Deep dive into the MSIX manifest file
If you compare the manifest files of MSIX and MSIX Modification Package, the first thing you will notice is that Identity attributes could have different values.
Going forward, there is a MainPackageDependency entry which is included within the Dependencies section of the MSIX Modification Package manifest file, but not in the MSIX manifest file.
This comes with two attributes:
- Name – it must match the identity Name of the main MSIX application.
- Publisher – does not have to match the identity Publisher of the main MSIX application and could be missing if the publisher is the same.
Moreover, in the light of the new MSIX features added starting with Windows 10 1903, the manifest file of the MSIX Modification Package must have the ModificationPackage entry set to “true” within the Properties section.
Also, since the MSIX Modification Package does not contain a full application, it does not have an entry point. And, in turn, there is no Application entry within the manifest file of the MSIX Modification Package.
Create an MSIX Modification Package using Advanced Installer
Let’s say we have an executable file that reads the content of a .config file placed next to it and displays the outcome on the screen.
Our example application has been packaged as MSIX, and both the executable and the .config files were included within the MSIX package.
Now, we want to replace the .config file with a new one using an MSIX Modification Package, so that our executable will read the content of the new text file at runtime.
Non-greyed-out files are the ones that are included in the MSIX Modification Package.
For step-by-step instructions on how to create an MSIX Modification Package, you can watch our video tutorial Creating MSIX Modification Packages
Let’s take the MSIX Modification Package created with the new config file included within and try to install that on a device where the main application MSIX package is installed. App Installer will prompt a message to let you know that it will modify the base MSIX package.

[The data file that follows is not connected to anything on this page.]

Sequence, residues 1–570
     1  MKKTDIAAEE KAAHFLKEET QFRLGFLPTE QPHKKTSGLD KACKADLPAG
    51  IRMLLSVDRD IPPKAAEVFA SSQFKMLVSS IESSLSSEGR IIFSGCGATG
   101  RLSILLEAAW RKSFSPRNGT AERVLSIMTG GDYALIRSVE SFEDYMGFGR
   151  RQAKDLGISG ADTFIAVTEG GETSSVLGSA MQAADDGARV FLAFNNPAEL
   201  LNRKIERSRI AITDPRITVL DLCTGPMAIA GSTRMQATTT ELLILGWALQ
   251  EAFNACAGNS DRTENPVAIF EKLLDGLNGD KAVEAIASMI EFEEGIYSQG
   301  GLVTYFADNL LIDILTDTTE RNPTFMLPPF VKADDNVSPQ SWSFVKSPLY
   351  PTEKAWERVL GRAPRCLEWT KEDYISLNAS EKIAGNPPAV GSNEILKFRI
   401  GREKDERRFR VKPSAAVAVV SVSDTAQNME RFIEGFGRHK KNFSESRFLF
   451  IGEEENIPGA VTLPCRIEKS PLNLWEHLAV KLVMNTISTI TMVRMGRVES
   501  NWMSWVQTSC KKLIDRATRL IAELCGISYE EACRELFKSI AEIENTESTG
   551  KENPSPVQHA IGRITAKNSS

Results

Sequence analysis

Once the MSIX Modification Package is installed, if we launch our application, the executable will now read the content of the new .config file included within the MSIX Modification Package.
That was exactly what we wanted to achieve through our MSIX Modification Package.
Now, if you go to “App Settings” for the MSIX Package, you should find the MSIX Modification Package listed under the “App add-ons & downloadable content” section.
Or you can achieve the same output by using Get-AppXPackage PowerShell cmdlet
Additionally, you can get a list of all installed MSIX Modification Packages using the following PowerShell cmdlet
Get-AppPackage -PackageTypeFilter Optional
On the other hand, you can also notice that the main MSIX and the MSIX Modification Package are installed in separate folders under “C:\Program Files\WindowsApp”
Be aware that C:\Program Files\WindowsApp folder is read-only and system protected.
For debugging, you can break into the MSIX container using Invoke-CommandInDesktopPackage PowerShell cmdlet.
Alternatively, you can work with Hover - our free and easy to use tool which allows you to run natively installed applications inside an MSIX container.
Microsoft did a great job here, and the MSIX Modification Package is an excellent opportunity for enterprises to handle the customizations of each of their MSIX Packages separately.
What makes it so great is that these customizations are now decoupled from the main application, which saves a lot of time and effort for IT professionals when packaging and deploying applications. Also resulting in lower costs for the organizations.